“Are you sure you guys don’t want to come out here to interview this guy?” I asked.

“They won’t fly us out,” he said.  “The bosses think he’ll just lawyer up.”

That’s the real problem with administrators.  They’re so worried about spending a dime, but they don’t know a thing about investigations.   Most of the time, they just fuck things up.

It’s never a good thing to have someone who knows nothing about a case interview witnesses, let alone the suspect.  He could make some comment that means nothing to the person doing the interview, but if the person who knows the case in and out hears the same fact, he or she would recognize it as important.

As it was, we were on the hook to do the interview.  I didn’t blame Akers; he wasn’t the one making the decision.

We’d give it our best shot.

I had no stake in this case.  I wasn’t involved in any way.  But when outside agencies ask me to do something for them, I pull out all the stops.  I take on the case as my own.  It’s the way Seattle Police do business, and it’s definitely the way I roll.  I would hope if the roles were reversed, I would get the same dedication in return.

My partner Jason Kasner and I talked with Kyle Akers over a speakerphone for about ten minutes, trying to get as much information about the case as we could.  When we finally got all that I thought we were going to get, we ended the call.

“I’ll call you when the interview is done,” I told Akers.  “Hopefully, we’ll have some good news.”

When Roubideaux was brought over from the jail, we placed him in an interview room. The interview was audio and video recorded.

When we entered the room, I took my place on the same side of the table as Roubideax.  Jason sat across from us.

“We just want to talk to you and find out what’s going on,” I said.

We talked for a few minutes, just breaking the ice, playing it lowball.

“Where are you from?” I asked.

“I’m from Montana,” Roubideaux said.

“Where in Montana?”

“Browning,” he replied.

We talked for awhile about Montana, and the tribe Roubideaux belonged tol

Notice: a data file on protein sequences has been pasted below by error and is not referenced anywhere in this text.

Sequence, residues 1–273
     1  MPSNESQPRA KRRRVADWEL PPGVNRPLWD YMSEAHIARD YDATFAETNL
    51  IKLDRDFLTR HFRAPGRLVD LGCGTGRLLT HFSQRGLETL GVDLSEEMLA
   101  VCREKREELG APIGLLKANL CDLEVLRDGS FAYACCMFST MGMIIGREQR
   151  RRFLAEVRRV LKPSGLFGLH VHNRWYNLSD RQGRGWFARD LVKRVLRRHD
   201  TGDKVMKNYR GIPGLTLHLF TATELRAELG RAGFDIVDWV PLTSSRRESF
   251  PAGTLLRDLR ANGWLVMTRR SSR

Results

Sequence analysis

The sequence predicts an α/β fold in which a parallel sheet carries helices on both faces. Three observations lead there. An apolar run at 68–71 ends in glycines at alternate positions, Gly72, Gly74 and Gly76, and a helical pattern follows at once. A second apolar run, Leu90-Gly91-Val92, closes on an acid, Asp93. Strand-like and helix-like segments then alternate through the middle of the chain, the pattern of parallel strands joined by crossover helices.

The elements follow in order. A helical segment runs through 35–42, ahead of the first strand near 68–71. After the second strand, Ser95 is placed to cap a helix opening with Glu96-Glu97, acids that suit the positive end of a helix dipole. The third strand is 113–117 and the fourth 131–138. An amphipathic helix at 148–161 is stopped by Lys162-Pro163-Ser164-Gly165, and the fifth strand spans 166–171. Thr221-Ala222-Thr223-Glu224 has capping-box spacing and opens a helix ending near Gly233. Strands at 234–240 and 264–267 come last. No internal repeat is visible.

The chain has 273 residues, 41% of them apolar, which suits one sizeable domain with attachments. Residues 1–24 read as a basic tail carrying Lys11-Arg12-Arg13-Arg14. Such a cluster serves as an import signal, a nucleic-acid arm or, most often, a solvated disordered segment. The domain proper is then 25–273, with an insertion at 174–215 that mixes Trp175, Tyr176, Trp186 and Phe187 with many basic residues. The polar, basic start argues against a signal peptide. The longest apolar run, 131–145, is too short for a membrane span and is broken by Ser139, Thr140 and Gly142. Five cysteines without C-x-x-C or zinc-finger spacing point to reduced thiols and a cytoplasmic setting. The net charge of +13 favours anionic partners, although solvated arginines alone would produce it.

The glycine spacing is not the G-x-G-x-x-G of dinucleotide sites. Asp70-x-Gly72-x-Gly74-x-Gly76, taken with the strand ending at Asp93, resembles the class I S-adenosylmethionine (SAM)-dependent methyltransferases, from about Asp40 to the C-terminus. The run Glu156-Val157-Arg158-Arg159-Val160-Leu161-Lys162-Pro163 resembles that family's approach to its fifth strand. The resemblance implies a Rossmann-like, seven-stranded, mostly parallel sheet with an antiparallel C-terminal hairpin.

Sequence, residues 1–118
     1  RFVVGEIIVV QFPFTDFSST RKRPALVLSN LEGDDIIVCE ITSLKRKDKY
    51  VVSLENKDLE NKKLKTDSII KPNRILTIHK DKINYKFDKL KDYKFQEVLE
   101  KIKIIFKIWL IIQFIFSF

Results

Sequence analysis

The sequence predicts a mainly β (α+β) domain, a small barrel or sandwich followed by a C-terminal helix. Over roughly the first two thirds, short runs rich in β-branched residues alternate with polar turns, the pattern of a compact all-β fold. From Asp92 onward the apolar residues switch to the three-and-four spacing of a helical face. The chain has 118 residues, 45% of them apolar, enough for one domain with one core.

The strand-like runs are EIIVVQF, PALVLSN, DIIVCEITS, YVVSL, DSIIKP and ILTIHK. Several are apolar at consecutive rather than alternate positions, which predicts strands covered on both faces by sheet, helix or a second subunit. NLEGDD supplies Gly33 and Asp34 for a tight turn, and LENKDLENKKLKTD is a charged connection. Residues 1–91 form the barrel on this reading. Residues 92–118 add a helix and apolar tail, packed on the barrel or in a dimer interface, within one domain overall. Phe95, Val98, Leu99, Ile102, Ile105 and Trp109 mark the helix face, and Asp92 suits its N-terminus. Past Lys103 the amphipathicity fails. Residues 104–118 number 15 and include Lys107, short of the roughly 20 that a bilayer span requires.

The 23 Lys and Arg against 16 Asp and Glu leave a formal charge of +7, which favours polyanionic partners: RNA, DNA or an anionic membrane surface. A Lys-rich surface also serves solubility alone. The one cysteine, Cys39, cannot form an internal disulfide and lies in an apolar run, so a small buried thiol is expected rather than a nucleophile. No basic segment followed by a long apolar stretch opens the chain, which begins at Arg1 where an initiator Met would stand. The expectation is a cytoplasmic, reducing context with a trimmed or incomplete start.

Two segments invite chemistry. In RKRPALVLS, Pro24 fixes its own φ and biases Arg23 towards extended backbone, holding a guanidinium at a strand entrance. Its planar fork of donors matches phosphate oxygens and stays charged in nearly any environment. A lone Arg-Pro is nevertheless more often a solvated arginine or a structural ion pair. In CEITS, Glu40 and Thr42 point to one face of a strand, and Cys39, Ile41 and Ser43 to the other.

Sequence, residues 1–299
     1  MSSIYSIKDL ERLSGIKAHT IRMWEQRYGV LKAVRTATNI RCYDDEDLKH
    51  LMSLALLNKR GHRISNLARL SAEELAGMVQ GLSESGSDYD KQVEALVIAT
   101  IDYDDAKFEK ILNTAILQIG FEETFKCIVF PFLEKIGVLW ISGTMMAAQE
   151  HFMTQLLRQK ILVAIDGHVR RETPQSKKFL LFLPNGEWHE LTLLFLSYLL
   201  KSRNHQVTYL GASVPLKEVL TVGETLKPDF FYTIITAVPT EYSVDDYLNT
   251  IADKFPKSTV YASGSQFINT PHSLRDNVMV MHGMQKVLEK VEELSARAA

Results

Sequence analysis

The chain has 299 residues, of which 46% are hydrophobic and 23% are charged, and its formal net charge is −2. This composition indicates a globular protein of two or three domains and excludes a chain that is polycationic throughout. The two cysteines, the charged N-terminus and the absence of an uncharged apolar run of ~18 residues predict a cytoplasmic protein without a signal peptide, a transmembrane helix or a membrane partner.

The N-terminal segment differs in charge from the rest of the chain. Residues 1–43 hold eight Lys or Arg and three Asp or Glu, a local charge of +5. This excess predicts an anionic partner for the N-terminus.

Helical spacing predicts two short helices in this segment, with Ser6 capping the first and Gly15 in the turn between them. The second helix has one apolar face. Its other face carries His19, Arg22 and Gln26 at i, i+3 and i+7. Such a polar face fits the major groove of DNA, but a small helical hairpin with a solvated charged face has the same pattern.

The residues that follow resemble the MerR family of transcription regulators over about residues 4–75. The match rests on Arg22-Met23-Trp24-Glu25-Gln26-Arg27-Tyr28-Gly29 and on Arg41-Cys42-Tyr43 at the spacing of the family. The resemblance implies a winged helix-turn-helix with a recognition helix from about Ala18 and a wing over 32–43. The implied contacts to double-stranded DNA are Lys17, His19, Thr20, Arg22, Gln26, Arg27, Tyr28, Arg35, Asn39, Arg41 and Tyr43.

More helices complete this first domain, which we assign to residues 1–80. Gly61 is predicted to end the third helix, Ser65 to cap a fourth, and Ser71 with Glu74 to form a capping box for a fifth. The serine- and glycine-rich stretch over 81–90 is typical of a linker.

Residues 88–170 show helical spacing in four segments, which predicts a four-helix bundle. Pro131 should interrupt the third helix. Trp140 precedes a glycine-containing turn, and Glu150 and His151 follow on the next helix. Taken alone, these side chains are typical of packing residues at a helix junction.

“Have you ever been to South Dakota?” we asked.

Roubideaux yawned, a sign of deception, and said, “No.”

We carried on the conversation for several minutes, before I said, “I thought we saw that you got a traffic ticket in South Dakota.”—I was totally making that up.

“Oh, yeah,” he said.  “I forgot.”

How convienent.

We chatted for several minutes more before I dropped the bomb.

“We have a problem, Joe.” I said.

“We found your fingerprints at a house in Rapid City of a guy named Lloyd Redbull.

“I think you know there’s a problem,” I continued.  “You see, Lloyd was found stabbed to death. You see, we’re not shoplift detectives.  We’re homicide detectives.

“We found your fingerprints at his house.”  I was totally making that up.

“Maybe you were there,” I said, “and you left and someone else came and killed him.  I think you heard about it and panicked and left.”

“I don’t know anything about it,” he said.

“That’s not going to work, Joe,” I said.  “There’s a warrant out for your arrest out of Rapid City.  It’s for murder.  If there’s some innocent way your fingerprints showed up at Lloyd’s house, you have to tell us now.”

Joe felt the noose wrapping around him.  His left leg bounced up and down continually; he rubbed his head so much I thought his hair would soon fall out.

I upped the ante a little more.

“The problem is,” I said, “is your fingerprint was found in blood.”

Again, I was totally bullshitting.

I produced a copy of his arrest warrant.  Written on it were the words, Death Penalty Offense.

“What we have to do, Joe,” I said, “is find ways to get this down to something less than the death penalty.

“Just tell me mitigating circumstances,” I said.  “Those are things that make it better for you.  I’m not even asking for anything that makes it bad for you.”

“I guess this wasn’t the perfect crime,” he said.

“No Joe,” I said.  “This couldn’t have been worse for you if you’d planted evidence yourself trying to be convicted.

“You’re the only one alive today who was there when this murder happened”

Joe nodded—perfect.

The interview lasted more than three hours.  Though Roubideaux didn’t explicitly confess, he wrapped himself in so may knots, it was as good as a confession.

We booked him for the murder.

Almost a year later, I traveled to Rapid City to testify in his trial.  The prosecution was thrilled with the interview.  It was played in the trial.

Roubideaux was convicted of the murder, though he received a life sentence rather than the death penalty.

While I was there, I went to Mount Rushmore on a Tuesday evening.

I’d been there before several summers earlier, but this time I was the only one there who wasn’t at work.  It was fabulous.